Assembly Bill (AB) 1400 passed in the California state assembly’s committee on rules on Jan. 11. Referred to as the universal health care bill, the proposal outlines a single-payer system that would replace private insurance plans in the state.
AB 1400 would provide government-run care to all California citizens, essentially eliminating the need for private insurance. All California residents would be able to enroll in the system and receive care benefits including lowered prescription costs, emergency medical care and general medical doctor visits.
The legislative proposal has been coupled with an amendment to the state’s constitution in order to fund its contents. The amendment, titled Assembly Constitutional Amendment 11, includes a variety of new taxes, including an annual excise tax on businesses with over $2 million in annual income and a 2.3% personal income tax for individuals who earn $149,509 or more yearly.
Universal health care coverage has long been an unfulfilled goal of California Democrats. State voters rejected a similar ballot initiative in 1994, and one introduced in 2017 failed to pass the California State Assembly.
Other states that have attempted similar bills have also met obstacles. Vermont’s state government created a law to establish the state’s first single-payer health care system in 2011, but lawmakers had to abandon it due to a shortage of funds for its execution.
Even if AB 1400 survives, it will take years for the bill to make it to the ballot, and it will likely appear in 2024, according to Assemblymember Ash Kalra, who authored the bill.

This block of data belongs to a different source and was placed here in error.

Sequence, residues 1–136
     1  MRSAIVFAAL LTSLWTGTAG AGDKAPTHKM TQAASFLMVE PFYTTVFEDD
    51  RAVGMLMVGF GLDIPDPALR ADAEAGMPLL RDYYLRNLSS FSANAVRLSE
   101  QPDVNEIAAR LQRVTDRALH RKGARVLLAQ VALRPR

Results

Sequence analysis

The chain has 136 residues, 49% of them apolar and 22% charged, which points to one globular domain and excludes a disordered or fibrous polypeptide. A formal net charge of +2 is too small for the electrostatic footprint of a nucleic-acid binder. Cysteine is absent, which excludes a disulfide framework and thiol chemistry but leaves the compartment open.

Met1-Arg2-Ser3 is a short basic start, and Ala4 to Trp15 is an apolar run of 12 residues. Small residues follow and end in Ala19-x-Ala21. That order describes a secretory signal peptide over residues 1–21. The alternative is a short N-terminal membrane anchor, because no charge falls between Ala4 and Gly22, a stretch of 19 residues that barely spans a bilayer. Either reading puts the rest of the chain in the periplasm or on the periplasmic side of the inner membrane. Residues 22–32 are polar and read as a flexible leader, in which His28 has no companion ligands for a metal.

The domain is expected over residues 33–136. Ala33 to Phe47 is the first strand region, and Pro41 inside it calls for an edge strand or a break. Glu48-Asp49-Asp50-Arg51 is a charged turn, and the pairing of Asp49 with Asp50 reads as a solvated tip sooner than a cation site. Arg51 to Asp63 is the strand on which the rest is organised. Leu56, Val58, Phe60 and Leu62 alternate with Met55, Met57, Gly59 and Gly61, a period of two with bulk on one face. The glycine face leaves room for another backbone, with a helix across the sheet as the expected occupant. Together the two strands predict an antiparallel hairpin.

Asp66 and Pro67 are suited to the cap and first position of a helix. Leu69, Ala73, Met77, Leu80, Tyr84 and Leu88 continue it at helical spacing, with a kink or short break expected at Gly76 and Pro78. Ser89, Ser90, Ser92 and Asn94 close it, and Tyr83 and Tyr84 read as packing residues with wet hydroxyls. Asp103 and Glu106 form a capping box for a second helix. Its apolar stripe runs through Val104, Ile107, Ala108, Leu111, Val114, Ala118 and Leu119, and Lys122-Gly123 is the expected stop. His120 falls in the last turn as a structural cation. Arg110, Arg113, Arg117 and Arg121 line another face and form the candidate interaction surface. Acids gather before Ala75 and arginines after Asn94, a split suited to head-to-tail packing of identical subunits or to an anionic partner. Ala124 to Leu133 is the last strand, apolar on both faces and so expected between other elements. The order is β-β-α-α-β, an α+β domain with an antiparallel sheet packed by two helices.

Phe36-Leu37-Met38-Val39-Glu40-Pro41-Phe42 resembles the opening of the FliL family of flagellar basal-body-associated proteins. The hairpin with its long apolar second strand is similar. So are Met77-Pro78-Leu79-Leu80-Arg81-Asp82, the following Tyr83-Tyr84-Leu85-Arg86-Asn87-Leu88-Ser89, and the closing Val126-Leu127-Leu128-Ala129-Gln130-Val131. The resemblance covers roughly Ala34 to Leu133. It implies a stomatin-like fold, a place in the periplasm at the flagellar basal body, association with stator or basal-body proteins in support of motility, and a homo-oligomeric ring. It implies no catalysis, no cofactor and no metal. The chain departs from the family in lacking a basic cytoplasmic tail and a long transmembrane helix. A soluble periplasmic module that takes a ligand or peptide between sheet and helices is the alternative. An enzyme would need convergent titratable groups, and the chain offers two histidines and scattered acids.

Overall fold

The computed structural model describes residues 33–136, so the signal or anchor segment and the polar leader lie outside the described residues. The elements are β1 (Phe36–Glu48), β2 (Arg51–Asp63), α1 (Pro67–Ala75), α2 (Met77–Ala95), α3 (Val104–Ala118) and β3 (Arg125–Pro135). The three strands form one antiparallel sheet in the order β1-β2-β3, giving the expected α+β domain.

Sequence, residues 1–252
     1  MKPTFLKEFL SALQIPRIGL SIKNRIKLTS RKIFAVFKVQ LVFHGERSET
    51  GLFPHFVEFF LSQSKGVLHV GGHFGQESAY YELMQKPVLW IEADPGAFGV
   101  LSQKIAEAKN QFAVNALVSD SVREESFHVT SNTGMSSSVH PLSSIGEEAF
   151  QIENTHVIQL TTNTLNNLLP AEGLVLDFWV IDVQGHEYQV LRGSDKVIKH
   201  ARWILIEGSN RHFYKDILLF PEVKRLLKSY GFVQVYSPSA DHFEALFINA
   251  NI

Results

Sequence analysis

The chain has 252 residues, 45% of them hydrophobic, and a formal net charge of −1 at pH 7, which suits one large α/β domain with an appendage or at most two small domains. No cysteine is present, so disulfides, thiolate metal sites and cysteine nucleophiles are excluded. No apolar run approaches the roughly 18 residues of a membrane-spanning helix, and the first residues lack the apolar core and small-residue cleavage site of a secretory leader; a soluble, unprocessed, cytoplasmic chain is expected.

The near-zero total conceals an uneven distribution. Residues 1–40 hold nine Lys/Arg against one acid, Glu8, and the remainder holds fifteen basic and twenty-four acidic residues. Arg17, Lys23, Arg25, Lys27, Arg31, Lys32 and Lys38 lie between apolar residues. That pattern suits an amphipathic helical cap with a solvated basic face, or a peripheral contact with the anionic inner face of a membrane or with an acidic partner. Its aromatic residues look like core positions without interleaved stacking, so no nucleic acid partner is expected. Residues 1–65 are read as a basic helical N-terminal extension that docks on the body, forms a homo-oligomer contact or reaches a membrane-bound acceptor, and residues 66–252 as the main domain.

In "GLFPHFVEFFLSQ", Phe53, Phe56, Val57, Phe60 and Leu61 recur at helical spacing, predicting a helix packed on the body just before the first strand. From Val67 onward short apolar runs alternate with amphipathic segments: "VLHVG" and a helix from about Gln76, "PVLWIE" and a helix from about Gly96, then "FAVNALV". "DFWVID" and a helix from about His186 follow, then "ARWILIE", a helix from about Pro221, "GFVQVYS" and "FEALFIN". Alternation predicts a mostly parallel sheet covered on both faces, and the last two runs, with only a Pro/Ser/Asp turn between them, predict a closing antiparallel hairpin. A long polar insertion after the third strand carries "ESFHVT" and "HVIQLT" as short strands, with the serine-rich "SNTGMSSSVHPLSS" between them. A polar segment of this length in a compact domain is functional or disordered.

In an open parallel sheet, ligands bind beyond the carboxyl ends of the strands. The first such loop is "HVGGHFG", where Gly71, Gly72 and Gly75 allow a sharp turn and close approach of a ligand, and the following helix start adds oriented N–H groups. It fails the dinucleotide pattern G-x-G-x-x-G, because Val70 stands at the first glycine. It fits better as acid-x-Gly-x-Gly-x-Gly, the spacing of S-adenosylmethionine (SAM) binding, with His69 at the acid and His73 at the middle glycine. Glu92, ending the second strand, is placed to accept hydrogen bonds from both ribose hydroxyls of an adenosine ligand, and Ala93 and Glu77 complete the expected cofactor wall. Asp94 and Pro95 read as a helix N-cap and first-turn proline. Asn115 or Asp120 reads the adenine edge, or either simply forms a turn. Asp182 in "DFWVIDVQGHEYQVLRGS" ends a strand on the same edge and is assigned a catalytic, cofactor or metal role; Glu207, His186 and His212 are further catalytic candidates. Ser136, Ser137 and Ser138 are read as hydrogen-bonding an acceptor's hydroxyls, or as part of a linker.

Supporters of the bill are optimistic that it will be beneficial for Californians, claiming a single-payer system will reduce health coverage costs and allow people to reap more benefits.
“There are countless studies that tell us a single-payer healthcare system is the fiscally sound thing to do, the smarter healthcare policy to follow, and a moral imperative if we care about human life,” Kalra said.
Despite the bill’s many supporters, particularly among Democrats, it still lacks support from several key figures, including Gov. Gavin Newsom. Newsom’s 2022-2023 state budget proposal seeks to expand Medi-Cal, California’s current Medicaid care system, in indirect opposition to AB 1400.
Newsom’s plan highlights similar benefits that are also purported by AB 1400, including lowered healthcare costs, better accessibility and bolstered health infrastructure. His proposal could take effect as early as 2024 if approved by the state legislature. Compared to the long process needed to finalize and implement AB 1400, it would be a more expeditious option.
In addition to the Newsom’s opposition, many organizations within the state are mobilizing against the bill. The California Chamber of Commerce labeled the proposal as a “job killer,” and the California Medical Association expressed its apprehension over the lack of a cost analysis for the bill.
As the debate on how best to provide medical care for Californians heats up, it’s clear that no definite solutions exist quite yet.
“I believe in a single-payer financing model. The ‘how’ at the state level is the question that needs to be answered thoughtfully,” Newsom said.
Elaina Martin is a City News Staff Writer. She can be reached at firstname.lastname@example.org.